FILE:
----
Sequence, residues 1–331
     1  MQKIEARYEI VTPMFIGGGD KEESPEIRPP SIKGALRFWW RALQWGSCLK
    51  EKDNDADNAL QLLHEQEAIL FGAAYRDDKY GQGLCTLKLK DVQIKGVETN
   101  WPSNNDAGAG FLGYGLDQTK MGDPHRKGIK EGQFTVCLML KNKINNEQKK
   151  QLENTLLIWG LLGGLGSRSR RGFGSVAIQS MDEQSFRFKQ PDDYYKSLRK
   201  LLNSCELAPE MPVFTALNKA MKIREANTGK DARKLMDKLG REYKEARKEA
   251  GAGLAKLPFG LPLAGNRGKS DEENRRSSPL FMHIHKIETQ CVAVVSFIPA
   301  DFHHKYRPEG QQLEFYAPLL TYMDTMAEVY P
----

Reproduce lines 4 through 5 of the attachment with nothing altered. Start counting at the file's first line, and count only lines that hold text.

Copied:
   101  WPSNNDAGAG FLGYGLDQTK MGDPHRKGIK EGQFTVCLML KNKINNEQKK
   151  QLENTLLIWG LLGGLGSRSR RGFGSVAIQS MDEQSFRFKQ PDDYYKSLRK